At times, being ignored, erased, and made invisible, is more hurtful than open debate and disagreement. Such silencing and marginalization render the energy, activism, and work of so many people mute and, ultimately, they do not serve the communities and society we are attempting to change. In what follows I insist on uplifting and naming some of the radical Muslim activists and advocates for gender justice I saw ignored in a recent Muslim community event.
On Labor Day weekend, the Islamic Society of North America (ISNA) met for its annual convention in Chicago. On Friday evening, in a well-attended panel, ISNA unveiled (pun intended) its latest statement and campaign on “the inclusion of women in masjids” (places of worship) and issued a call and invitation to sign the statement and implement its central demands in mosques and community centers across the United States and Canada. Panelists at the launch included Hind Makki, the creator of Side Entrance, a tumblr collecting pictures of the various (good, bad and in between) accommodations for women in mosques, and member of the ISNA task force on the issue; Dr. Ingrid Mattson, professor of Islamic studies and former president of ISNA; Imam Mohamed Magid, also a former president of ISNA; Dr. Sarah Syeed, chair of the ISNA task force and Dr. Ihsan Bagy, another member of the task force. Continue reading “Invisible Giants: On Women, Mosques, and Radical Activism by Juliane Hammer”
Carol P. Christ is a founding mother in the study of women and religion, feminist theology, women’s spirituality, and the Goddess movement. She teaches in the Women’s Spirituality program at CIIS and through Ariadne Institute offers Goddess Pilgrimages to Crete. Her books include She Who Changes and Rebirth of the Goddess and the widely used anthologies Womanspirit Rising and Weaving the Visions.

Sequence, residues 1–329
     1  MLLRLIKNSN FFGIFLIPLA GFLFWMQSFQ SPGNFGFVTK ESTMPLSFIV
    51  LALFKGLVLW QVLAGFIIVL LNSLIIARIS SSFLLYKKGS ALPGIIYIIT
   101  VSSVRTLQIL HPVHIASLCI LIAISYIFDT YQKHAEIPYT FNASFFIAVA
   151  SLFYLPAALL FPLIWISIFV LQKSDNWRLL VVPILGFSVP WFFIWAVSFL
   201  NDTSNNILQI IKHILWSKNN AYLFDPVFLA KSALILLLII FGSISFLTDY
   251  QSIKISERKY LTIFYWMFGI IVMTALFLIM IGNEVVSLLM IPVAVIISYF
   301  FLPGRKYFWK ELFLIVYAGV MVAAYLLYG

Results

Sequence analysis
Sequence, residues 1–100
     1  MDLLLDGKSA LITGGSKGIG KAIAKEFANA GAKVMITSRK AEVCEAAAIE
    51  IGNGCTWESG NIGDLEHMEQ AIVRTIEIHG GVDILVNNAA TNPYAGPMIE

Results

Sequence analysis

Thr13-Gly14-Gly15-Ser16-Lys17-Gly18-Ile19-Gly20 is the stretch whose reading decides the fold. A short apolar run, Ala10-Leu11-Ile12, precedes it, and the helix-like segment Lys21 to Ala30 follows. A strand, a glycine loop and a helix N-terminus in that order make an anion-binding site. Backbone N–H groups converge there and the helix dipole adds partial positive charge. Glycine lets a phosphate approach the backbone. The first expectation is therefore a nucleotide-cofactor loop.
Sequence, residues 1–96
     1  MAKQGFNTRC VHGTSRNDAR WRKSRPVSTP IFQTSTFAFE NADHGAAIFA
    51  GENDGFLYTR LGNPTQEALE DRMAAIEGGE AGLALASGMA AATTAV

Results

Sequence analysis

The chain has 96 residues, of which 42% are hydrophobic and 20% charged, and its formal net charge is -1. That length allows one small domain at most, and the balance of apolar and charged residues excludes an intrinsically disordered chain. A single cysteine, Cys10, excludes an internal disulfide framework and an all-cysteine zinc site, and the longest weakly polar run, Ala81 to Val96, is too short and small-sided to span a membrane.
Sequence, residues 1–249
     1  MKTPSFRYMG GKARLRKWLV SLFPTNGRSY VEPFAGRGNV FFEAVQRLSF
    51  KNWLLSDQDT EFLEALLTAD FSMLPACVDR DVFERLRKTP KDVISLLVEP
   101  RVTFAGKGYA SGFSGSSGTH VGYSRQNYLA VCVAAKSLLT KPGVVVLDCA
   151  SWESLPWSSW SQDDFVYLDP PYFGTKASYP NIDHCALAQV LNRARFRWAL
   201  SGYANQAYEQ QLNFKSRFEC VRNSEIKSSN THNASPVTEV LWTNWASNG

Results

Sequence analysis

Some years ago when I was speaking on ecofeminism, womanist theologian Karen Baker-Fletcher posed a question that went something like this: What I am missing in your presentation is reference to ancestors. For black women, this issue is critical.
Baker-Fletcher’s question provoked a process of thinking that continues to this day. For example, I began to notice that when black women spoke at the American Academy of Religion, they often began by thanking their foremothers Delores Williams and Katie Cannon for beginning the womanist dialogue. It is far rarer to hear a white woman thank Valerie Saiving, Mary Daly, Rosemary Radford Ruether, or Marija Gimbutas before her talk.
To the contrary, many white women take great pains to distance themselves from feminist foresisters. I once heard a white woman Biblical scholar tell women students to do work on women in the Bible or other areas of religion without using the word feminist or placing their work in a female or feminist train of thought– if they wanted to get it published. She was very proud that she had used this method and succeeded. In other words, she was following in the footsteps of Mary Daly, Phyllis Trible, and Elisabeth Schüssler Fiorenza but acting as if she had invented the study of women and the Bible herself. The reason for this, she freely admitted, was that male scholars who held power in her field would not respect her work if she used the “f” word. Continue reading “Do White Feminists Have Ancestors? By Carol P. Christ”